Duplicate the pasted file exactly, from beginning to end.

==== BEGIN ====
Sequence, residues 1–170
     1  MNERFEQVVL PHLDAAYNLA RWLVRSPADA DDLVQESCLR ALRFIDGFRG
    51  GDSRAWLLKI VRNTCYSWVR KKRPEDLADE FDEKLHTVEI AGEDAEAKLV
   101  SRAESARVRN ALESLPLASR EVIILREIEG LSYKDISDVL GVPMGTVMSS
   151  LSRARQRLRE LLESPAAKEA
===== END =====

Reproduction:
Sequence, residues 1–170
     1  MNERFEQVVL PHLDAAYNLA RWLVRSPADA DDLVQESCLR ALRFIDGFRG
    51  GDSRAWLLKI VRNTCYSWVR KKRPEDLADE FDEKLHTVEI AGEDAEAKLV
   101  SRAESARVRN ALESLPLASR EVIILREIEG LSYKDISDVL GVPMGTVMSS
   151  LSRARQRLRE LLESPAAKEA